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Last Updated: Wednesday, 28 November 2007, 18:27 GMT
Egypt police jailed for killing
A court in Egypt has jailed four police personnel, including a captain and a plainclothes informant, for beating a man to death during interrogation.

Three of the accused, including the captain, were sentenced to seven years. A fourth received a three-year term.

Egypt has seen been a number of recent high-profile incidents and allegations of routine abuse of detainees.

Correspondents say police used to act with near-impunity, but these penalties show growing intolerance of such abuse.

This is the longest sentence heard of in the last 10 years
Gasser Abdel-Razek
Human Rights Watch
Earlier this month, two police officers were sentenced to three years in prison for sexually assaulting a man with a stick at a police station in the capital, Cairo.

Two days later, officials said another man had died from his injures after being tortured by the police for three days in Giza.

Public outrage

The four police personnel were sentenced by the criminal court in the northern Nile Delta town of Mansoura late on Tuesday after a hearing lasting more than 10 hours.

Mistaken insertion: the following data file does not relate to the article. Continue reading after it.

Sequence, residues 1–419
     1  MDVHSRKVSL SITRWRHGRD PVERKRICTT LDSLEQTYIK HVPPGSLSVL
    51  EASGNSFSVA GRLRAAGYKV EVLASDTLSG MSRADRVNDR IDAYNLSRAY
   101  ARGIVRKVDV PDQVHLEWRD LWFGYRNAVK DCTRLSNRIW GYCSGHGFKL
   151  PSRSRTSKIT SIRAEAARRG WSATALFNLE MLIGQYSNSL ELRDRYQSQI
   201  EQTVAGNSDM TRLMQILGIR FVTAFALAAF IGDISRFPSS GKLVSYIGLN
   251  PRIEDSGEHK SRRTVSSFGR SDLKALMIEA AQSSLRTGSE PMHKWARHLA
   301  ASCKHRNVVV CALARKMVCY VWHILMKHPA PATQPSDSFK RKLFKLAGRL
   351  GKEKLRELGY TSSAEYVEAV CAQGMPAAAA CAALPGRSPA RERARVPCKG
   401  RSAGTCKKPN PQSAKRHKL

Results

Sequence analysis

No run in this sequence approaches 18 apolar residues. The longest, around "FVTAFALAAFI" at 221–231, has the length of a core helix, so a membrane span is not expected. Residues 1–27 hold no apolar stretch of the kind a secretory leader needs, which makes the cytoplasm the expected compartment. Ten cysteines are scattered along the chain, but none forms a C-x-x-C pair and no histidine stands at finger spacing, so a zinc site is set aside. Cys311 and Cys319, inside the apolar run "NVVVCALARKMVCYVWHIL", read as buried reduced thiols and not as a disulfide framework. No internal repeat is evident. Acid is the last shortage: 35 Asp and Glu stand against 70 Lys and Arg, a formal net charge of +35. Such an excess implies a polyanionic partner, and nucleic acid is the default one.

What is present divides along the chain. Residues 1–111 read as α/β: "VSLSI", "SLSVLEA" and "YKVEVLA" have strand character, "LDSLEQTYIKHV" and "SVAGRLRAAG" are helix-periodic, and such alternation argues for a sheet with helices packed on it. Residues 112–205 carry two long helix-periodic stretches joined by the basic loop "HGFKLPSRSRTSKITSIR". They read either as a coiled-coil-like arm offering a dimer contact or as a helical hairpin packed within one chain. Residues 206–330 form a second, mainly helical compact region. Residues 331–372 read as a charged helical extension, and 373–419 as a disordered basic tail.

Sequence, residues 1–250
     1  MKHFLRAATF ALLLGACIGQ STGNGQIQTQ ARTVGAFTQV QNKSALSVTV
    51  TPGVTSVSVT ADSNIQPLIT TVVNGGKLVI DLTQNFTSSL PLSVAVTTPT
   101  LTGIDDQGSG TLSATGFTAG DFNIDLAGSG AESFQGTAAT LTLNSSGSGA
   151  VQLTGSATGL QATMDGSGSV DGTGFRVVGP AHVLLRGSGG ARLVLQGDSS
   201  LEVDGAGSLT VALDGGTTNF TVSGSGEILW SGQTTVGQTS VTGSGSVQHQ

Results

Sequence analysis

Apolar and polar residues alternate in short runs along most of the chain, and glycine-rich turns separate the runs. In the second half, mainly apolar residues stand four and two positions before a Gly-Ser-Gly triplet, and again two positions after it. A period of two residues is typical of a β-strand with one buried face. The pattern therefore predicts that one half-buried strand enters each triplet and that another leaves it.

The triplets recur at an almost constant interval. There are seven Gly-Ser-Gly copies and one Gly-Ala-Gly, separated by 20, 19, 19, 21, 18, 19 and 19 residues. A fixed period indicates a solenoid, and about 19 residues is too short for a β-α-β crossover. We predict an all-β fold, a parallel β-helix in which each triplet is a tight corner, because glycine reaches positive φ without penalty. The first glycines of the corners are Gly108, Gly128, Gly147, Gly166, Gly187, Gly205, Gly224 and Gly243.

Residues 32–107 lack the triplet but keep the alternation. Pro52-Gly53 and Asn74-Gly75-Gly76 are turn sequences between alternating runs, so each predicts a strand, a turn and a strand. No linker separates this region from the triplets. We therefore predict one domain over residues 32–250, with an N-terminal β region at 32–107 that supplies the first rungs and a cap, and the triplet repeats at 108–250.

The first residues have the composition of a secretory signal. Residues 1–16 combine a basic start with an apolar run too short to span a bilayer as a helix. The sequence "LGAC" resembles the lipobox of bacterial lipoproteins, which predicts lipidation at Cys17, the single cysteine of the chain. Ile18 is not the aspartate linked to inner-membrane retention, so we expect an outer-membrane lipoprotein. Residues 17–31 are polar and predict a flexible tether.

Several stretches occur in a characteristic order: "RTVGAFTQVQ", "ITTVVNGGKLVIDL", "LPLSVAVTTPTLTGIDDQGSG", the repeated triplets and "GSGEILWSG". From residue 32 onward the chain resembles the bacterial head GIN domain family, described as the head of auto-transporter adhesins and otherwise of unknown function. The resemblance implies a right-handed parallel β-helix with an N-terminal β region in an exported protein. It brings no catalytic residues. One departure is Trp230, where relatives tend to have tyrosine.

The men were convicted of beating a carpenter, Nasr Abdullah, to death in July by banging his head against the wall in order to extract information about the location of his brother, a suspect in a drugs case.

Mr Abdullah's death provoked angry demonstrations by local people.

"This is the longest sentence heard of in the last 10 years," Gasser Abdel-Razek of the US-based organisation Human Rights Watch told the Associated Press.

"This one is very interesting."

But Mr Abdel-Razek warned that the sentence was most likely the result of an activist judge rather a change in the government's stance on police brutality.

"This is the judiciary - it's not the government. If the government wants to get tougher on this it should start by amending the legislation to conform to international law," he added.

In another recent case in Mansoura, a judicial investigation cleared a policeman who had questioned a 13-year-old boy who died shortly after spending several days in custody on suspicion of stealing packets of tea.

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